This is ridiculous: Americans worked until July 6 to pay Washington’s spending tab

Each year, Americans across the nation anxiously wait for the moment they can declare themselves done with working enough days, weeks and months to have paid their taxes and their share of the U.S. regulatory spending for that given year.

In 2014, this particular day fell on July 6th.

You see, Independence Day may have been celebrated on the 4th of July, but the average American only became free to earn his or her own money after the 6th.

As Americans for Tax Reform recently pointed out, the Cost of Government Day (COGD) didn’t fall in July until President Obama took office. Up until the moment Barack Obama had been sworn in, Americans celebrated their COGD before June 27th.

Federal spending may have shown modest signs of a decrease since 2013, for which Americans for Tax Reform thanked Republicans in Washington, but federal regulatory costs have added an extra burden to the national debt.

As it stands, government costs 51 percent of the GDP, meaning that most average workers must give 121 days of their working lives only to cover spending. Americans must work for at least 65 days to cover the increasing costs of regulations.

Ludwig von Mises wrote in his famous book of analytical criticism of socialism entitled Socialism that “state interference in economic life (…) has done nothing but destroy economic life.” He then insightfully concluded his statement by saying: “prohibitions and regulations have by their general obstructive tendency fostered the growth of the spirit of wastefulness.”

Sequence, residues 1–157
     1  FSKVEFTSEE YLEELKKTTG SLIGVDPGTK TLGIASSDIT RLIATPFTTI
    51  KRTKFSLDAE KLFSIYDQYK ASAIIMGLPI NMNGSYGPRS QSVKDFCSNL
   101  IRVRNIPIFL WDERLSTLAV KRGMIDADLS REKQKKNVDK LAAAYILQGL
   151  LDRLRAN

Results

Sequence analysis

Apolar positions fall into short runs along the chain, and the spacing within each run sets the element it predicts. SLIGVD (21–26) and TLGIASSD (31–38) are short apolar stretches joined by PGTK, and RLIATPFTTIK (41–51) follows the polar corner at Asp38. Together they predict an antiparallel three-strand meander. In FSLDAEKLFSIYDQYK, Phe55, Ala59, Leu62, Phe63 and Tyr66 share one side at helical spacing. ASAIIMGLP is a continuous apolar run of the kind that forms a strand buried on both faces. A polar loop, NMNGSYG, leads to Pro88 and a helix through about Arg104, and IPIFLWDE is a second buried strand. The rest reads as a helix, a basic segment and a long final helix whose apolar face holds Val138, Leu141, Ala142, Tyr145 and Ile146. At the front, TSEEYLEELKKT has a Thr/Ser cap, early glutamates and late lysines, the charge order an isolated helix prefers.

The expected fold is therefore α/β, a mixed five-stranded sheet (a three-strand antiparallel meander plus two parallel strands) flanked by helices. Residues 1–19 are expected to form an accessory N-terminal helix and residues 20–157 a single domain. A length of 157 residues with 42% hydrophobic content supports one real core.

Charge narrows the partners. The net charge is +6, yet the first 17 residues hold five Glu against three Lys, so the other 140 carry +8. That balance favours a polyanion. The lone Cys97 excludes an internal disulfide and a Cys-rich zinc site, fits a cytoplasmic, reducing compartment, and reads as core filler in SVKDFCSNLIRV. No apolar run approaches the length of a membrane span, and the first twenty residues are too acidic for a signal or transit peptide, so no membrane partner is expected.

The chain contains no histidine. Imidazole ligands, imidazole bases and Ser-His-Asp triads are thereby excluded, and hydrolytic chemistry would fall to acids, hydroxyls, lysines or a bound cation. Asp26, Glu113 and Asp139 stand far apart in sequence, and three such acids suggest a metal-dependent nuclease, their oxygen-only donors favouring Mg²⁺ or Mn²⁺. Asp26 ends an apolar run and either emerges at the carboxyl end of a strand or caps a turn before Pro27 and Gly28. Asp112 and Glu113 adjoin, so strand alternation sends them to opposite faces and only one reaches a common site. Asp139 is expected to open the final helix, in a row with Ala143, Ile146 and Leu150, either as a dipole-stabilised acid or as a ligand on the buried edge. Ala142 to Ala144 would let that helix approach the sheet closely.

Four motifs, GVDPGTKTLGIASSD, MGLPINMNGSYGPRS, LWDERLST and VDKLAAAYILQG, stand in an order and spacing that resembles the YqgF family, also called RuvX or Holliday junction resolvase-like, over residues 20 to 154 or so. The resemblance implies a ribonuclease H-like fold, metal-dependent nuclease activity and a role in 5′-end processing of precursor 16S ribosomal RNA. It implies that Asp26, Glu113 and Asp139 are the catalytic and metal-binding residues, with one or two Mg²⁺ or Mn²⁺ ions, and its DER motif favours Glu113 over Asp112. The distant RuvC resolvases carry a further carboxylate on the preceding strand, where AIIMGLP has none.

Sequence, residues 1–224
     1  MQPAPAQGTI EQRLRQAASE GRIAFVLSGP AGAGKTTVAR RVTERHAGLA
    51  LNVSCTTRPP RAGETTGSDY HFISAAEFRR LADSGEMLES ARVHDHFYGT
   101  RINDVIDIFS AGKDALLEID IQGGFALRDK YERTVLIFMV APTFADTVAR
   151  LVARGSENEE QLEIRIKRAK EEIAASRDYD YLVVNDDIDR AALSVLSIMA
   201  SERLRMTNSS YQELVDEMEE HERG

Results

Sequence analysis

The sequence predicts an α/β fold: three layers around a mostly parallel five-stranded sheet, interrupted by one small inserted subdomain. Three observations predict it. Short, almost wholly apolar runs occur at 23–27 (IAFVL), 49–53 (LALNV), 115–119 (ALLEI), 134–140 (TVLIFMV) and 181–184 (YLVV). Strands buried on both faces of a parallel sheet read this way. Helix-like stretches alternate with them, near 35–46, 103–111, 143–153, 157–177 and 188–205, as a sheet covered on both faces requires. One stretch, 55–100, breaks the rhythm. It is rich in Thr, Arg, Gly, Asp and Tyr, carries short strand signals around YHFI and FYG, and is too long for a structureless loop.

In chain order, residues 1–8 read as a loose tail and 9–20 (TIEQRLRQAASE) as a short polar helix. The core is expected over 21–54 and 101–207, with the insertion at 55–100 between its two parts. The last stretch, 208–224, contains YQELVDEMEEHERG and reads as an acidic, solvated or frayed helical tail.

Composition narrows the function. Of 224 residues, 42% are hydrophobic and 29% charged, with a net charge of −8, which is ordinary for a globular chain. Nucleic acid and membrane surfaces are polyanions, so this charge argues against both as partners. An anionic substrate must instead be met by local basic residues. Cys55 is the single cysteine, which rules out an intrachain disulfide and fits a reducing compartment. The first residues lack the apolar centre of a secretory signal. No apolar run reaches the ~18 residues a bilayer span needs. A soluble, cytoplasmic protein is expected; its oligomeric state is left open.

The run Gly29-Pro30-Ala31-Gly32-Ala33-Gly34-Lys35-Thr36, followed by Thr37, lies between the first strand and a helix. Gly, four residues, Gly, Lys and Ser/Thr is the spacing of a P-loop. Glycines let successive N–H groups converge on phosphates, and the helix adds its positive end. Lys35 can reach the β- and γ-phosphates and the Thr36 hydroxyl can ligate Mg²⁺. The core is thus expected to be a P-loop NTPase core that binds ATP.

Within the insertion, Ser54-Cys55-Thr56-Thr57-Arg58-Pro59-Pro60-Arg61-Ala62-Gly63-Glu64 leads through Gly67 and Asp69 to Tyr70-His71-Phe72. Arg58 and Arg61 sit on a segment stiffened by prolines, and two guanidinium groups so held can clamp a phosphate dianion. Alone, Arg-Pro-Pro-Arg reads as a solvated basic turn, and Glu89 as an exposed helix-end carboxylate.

Barack Obama hates America — that’s the only conclusion you can draw after nearly six years of terrible economic policies

This is pretty douchetastic. In an Independence Day eve speech at the DC-based tech firm 1776, President Barack Obama — the worst president since World War II — suggested that Republicans don’t have enough “economic patriotism” to work with him to get the economy moving again:

“[W]e can make even more progress if Congress is willing to work with my administration and to set politics aside, at least occasionally, which I know is what the American people are urgently looking for,” Obama said Thursday at 1776. “It’s a sort of economic patriotism where you say to yourself, how is it that we can start rebuilding this country to make sure that all of the young people who are here but their kids and their grandkids are going to be able to enjoy the same incredible opportunities that this country offers as we have. That’s our job. That’s what we should be focused on. And it’s worth remembering as we go into Independence Day.”

What. The. Actual. Fuck.